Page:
The government's resurgence plan needs to be remarkably different as it deals with panicky people and an opposition party that is on the offensive, unlike when the first cases of community transmission emerged in the country in March earlier this year.
The government has been warning of an impending second wave of Covid-19 in the country for quite some time asking people to be prepared and not panic – something which the opposition National Party had been alleging as an "act of collusion and covering up and not sharing of some critical information."
National Party Leader Judith Collins has not taken lightly that the Prime Minister had gone ahead and announced on Tuesday, August 11 that Auckland region was moving into Alert Level 3 and the rest of the country into Alert Level 2, without "consultation" with her party.
She has come swinging hard on Prime Minister Ardern for not being consulted personally and her Health Spokesperson Dr Shane Retti not being "briefed" by the Minister of Health Chris Hipkins about this immediate health-related response to a situation that is fast emerging.
Added to this, there has been a panicky public - as seen as in chaotic scenes of long queues in supermarkets, motorways, testing centres, and police checkpoints around Auckland supercity – despite the government's repeated warning about an impending second wave in the country.
Second wave of Covid-19 is a different territory for PM Ardern
This is clearly a different territory for Prime Minister Jacinda Ardern.
During the first wave of Covid-19 in the country Ardern had then led a government's public health response, which by all means was a stellar success and had rightly received tremendous accolades at home as reflected in successive polls that were pinning her Labour Party to be able to form next government on its own.
Clearly, the National Party, which had endured that phase of Prime Minister Ardern's end to end coverage on national TV, with a leadership coup and two leaders being thrown under the cull, and a frantic exodus of voters, do not want the same fate repeated.
Therefore, the party under a new leader who revels in a public image of "Crusher" is holding no barrels back and attacking the government, not only on the issue of public health management but also on the politics around elections.
Should parliament be dissolved now, and elections held as scheduled or postponed is the question that was thrown in the ring, on the very next day when the government first announced new cases in Auckland and change of Alert levels.
This when added with people - who are panicking, and surprisingly not just for their health and safety, but also with a seemingly trivial issue of availability of food and groceries in the shelves of supermarkets, despite a repeated appeal for calms and a well-proven experience from the earlier lockdown under Alert Level 4 where the food and essential supplies were always in abundance – complicates the matter for the government.
This level of panicking and anxiety might further get exasperated after 13 new cases being detected in the Auckland region (from the same cluster of South Auckland family) on Thursday, August 13.
How is this going to pan out when they will once again continuously served with, a possibly increasing number of Covid-19 cases, as was the case last time when the virus was in the community, especially with an opposition which is seeking blood for what they allege as government's abject failure in preventing the second wave of coronavirus.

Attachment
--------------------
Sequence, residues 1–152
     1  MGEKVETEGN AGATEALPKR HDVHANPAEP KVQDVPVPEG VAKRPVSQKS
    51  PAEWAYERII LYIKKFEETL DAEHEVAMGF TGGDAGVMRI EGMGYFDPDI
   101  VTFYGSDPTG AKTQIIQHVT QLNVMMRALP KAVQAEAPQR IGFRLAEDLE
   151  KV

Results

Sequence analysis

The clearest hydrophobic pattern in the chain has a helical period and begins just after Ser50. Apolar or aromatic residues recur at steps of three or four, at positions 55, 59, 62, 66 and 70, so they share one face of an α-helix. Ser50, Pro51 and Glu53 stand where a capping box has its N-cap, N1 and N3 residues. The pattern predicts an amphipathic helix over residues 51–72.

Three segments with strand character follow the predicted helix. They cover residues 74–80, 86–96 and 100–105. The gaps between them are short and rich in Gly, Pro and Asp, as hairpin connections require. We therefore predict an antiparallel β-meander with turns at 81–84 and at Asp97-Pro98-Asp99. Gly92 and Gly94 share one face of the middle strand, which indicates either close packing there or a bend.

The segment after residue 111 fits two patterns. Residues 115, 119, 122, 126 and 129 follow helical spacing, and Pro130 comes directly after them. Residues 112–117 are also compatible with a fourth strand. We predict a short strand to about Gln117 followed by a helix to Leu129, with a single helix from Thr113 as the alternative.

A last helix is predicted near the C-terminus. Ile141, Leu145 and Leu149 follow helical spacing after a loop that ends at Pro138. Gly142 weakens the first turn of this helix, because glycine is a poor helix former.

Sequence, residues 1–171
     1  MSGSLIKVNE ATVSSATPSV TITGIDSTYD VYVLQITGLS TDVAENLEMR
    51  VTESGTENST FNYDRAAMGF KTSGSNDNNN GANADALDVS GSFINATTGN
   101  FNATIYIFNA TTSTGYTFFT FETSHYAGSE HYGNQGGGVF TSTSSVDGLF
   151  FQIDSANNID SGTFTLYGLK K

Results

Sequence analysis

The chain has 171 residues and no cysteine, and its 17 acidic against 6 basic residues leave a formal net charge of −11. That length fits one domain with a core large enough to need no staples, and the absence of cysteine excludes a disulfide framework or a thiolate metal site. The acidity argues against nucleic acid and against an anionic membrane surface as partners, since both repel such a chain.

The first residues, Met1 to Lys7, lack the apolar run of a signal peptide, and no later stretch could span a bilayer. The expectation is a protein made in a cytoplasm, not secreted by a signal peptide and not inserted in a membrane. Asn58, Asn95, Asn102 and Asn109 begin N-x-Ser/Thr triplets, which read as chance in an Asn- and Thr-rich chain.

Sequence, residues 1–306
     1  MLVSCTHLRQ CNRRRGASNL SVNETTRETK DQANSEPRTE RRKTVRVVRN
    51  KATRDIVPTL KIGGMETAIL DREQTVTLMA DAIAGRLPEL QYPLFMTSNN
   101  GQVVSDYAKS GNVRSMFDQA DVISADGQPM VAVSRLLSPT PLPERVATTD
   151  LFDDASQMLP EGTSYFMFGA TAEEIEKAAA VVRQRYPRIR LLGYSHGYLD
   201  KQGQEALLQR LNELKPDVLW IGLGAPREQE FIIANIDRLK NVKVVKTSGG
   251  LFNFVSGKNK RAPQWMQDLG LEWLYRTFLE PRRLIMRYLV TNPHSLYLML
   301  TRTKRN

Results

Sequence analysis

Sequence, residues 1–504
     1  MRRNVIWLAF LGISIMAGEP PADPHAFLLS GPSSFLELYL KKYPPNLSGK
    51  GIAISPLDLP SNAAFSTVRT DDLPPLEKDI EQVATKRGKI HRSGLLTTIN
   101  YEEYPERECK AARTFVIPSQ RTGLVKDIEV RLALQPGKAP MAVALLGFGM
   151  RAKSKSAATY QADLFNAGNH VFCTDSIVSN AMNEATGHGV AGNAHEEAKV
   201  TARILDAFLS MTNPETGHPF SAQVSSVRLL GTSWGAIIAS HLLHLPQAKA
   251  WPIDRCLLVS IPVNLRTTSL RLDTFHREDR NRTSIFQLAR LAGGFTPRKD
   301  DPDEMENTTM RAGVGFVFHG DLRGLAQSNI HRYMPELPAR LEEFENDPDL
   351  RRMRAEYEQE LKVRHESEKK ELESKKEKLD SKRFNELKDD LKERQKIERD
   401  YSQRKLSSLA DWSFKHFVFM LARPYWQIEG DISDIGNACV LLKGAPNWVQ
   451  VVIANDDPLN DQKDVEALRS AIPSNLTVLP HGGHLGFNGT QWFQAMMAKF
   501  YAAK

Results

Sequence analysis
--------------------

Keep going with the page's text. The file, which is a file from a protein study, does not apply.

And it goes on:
Will there be national solidarity behind the PM in the second wave of Covid-19?
To make it more challenging the previous feeling of national solidarity that had encapsulated Prime Minister Ardern during her leadership of public health crisis might be significantly missing, and if the opposition's messaging has any meaningful impact – even trust in the government might be eroded.
Clearly, the government would need to show that it's resurgence plan is remarkably different not only in managing the public health side, but also managing the politics around it, purely because NZ is sitting on the cusp of general elections, which naturally brings bouts of "head-on bouts" between the government and the opposition.
There have been few glimpses where the government has shown an intent to do things differently, especially in letting Director of Public Health Dr Ashley Bloomfield impose section 70 of the health act and forcing employees of two businesses to stay home and not go to work for the risk of spreading the virus, along with making public announcement directing employees of those two businesses at the centre of new covid-19 infections.
Winston Peters defends govt's position against Judith's charge
Similarly, Deputy Prime Minister Winston Peters has for the first time come to assist his Prime Minister in rebutting National Leader Judith Collins siege on her by saying that there was neither a convention nor precedence of any power-sharing between the government and opposition.
"There is no convention for power-sharing such as Ms Collins, a trained lawyer, is claiming. She should know better. So who is giving her that advice and why is she taking it? Mr Peters said.
"The current government continues to have full powers to govern until the election," Mr Peters said.
However, regardless, this is clearly not enough, and the government will have to shape its resurgence plan and the communication around it in a manner that deals with both crisis – the second wave of Covid-19 and the opposition's charge of ineptitude, collusion and covering up.
It does not mean though that it's a free run for Leader of Opposition Judith Collins, as she also runs a huge risk of burning goodwill for coming up with charges of conspiracy against the government, which so far has a stellar track record of managing Covid-19 pandemic.